Weather and climate services (WCS) are expected to improve the capacity of Africa’s agricultural sector to manage the risks of climate variability and change. Despite this, a lack of evidence prevents a realistic analysis of whether such services are delivering on their potential.
This paper reviews 66 studies that have evaluated outcomes and/or impacts of agricultural WCS in Africa, highlighting areas that have received relatively more attention as well as persistent gaps. While the evaluation of WCS outcomes is relatively straightforward, estimates of the number of people who access and use these services are uneven (covering a small number of communities in 23 of 54 African countries) and highly variable (with access estimates ranging from ~2 to 86%, depending on the service and the population).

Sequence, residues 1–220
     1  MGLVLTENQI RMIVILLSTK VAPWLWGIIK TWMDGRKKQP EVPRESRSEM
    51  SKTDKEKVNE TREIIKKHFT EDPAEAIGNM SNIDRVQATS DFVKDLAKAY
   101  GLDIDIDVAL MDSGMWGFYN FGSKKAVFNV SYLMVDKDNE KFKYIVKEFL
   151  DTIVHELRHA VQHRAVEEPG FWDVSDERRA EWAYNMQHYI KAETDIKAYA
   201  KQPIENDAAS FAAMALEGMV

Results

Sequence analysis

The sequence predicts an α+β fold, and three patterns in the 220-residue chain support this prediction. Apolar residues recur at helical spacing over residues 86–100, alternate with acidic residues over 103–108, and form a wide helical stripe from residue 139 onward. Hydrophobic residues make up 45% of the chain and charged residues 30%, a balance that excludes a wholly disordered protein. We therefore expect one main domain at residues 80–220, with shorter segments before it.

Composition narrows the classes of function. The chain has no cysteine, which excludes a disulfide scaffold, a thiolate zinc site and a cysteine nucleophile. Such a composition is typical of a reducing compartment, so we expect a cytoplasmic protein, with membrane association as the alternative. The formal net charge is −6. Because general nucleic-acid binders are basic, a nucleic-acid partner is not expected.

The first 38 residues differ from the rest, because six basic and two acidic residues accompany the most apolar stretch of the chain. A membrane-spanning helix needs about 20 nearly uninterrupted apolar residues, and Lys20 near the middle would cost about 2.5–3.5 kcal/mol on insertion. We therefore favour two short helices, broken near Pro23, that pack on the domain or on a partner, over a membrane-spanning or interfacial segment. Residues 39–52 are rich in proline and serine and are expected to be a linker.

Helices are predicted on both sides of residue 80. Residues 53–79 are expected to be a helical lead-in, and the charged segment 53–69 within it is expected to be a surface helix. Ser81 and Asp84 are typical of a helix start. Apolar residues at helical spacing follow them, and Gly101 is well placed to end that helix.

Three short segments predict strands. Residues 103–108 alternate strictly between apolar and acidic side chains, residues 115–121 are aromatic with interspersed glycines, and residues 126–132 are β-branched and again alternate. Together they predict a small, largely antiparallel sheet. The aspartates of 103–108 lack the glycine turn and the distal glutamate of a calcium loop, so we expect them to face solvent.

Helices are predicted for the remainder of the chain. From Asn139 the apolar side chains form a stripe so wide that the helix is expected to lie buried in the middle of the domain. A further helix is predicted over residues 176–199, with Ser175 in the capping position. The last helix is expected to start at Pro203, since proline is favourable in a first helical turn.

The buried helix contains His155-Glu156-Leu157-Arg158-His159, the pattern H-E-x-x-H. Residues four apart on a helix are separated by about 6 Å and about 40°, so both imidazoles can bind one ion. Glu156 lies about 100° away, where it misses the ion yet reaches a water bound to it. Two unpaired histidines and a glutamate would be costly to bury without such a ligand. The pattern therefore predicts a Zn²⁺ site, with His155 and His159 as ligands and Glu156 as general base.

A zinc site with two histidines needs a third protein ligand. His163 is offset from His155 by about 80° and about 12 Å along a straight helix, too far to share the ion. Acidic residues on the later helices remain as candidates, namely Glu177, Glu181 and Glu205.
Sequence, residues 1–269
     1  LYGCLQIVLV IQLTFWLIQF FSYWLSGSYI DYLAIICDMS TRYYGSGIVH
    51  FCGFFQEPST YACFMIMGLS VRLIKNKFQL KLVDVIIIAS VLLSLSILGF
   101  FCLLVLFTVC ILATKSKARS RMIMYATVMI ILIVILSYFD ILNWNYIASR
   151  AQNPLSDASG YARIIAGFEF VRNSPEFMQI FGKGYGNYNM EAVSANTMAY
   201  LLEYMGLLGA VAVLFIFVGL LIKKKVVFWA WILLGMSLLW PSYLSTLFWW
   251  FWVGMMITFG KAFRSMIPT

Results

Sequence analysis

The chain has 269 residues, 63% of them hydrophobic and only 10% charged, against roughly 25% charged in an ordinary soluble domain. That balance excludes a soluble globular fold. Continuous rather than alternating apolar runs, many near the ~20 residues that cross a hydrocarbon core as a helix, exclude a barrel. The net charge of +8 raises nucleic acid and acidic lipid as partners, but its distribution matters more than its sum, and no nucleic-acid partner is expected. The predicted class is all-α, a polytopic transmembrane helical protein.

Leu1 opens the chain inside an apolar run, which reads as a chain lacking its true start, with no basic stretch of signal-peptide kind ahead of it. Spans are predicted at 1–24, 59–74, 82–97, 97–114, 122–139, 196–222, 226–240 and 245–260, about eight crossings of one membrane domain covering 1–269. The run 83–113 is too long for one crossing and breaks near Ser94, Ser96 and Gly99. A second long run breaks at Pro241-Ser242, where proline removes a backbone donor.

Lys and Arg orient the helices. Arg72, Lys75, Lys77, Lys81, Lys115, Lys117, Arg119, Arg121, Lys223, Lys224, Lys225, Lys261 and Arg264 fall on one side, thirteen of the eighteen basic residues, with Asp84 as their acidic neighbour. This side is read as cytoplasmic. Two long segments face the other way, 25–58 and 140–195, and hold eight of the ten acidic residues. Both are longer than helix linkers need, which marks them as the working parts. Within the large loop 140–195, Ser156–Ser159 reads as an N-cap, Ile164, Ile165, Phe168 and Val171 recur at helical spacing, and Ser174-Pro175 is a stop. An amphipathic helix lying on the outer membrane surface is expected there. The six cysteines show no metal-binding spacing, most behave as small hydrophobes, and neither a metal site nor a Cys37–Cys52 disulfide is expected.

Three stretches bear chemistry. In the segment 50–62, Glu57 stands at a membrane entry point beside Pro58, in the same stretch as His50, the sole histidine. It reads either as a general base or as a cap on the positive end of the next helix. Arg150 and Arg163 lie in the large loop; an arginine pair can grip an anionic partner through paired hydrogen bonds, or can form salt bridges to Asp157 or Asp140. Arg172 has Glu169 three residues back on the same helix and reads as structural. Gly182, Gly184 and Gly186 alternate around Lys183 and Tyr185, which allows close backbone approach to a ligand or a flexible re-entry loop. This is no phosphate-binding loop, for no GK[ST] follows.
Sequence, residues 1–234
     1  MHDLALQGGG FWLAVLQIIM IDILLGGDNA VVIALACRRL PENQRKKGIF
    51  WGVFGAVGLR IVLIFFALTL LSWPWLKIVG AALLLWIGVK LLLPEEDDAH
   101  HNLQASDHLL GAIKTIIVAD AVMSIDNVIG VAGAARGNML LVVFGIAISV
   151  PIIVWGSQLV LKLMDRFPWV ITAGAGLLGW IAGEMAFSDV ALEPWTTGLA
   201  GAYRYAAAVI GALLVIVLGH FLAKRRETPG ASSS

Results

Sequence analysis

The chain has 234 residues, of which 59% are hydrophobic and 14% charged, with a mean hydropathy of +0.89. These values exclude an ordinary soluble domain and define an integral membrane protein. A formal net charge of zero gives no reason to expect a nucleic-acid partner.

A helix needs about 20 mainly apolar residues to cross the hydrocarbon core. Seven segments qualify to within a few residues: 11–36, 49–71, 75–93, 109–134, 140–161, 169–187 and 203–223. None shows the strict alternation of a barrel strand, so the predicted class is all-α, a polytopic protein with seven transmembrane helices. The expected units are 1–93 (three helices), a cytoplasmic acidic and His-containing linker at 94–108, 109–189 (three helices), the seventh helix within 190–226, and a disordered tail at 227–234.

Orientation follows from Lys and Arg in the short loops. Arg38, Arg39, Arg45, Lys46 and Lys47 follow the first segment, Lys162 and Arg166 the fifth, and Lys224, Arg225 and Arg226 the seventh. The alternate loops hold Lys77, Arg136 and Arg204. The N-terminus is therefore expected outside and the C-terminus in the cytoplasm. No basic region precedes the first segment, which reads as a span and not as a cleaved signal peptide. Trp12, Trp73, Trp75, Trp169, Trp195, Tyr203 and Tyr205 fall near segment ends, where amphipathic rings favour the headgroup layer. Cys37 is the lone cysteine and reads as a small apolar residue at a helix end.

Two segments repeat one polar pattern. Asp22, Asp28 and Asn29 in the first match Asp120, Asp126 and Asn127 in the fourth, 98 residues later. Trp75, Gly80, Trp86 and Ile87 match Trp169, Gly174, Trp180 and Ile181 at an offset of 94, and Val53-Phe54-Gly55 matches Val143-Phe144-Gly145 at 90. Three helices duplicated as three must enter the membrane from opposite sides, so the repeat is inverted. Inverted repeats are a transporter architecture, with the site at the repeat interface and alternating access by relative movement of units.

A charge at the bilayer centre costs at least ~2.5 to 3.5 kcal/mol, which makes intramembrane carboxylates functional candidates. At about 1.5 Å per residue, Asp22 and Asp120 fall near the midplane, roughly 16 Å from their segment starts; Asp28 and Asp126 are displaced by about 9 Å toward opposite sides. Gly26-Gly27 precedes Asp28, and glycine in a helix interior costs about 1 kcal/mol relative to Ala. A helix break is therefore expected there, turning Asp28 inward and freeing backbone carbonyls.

Meanwhile, 22 documents estimate the impact of WCS with respect to yields and/or income. Developed with a variety of methods, these estimates are also wide-ranging and illustrate how the impact is conditioned on a number of characteristics of the service, the user, and the context in which both operate. The paper uses lessons developed through this review to develop a “learning agenda,” or evidence-building roadmap, to establish priorities that can guide work to improve the design, delivery, and impact of agricultural WCS in Africa. Priority learning areas include activities that can strengthen the evidence of access, use, and impacts of WCS, along with those that can advance the use and usability of evidence so as to improve the design and targeting of WCS services.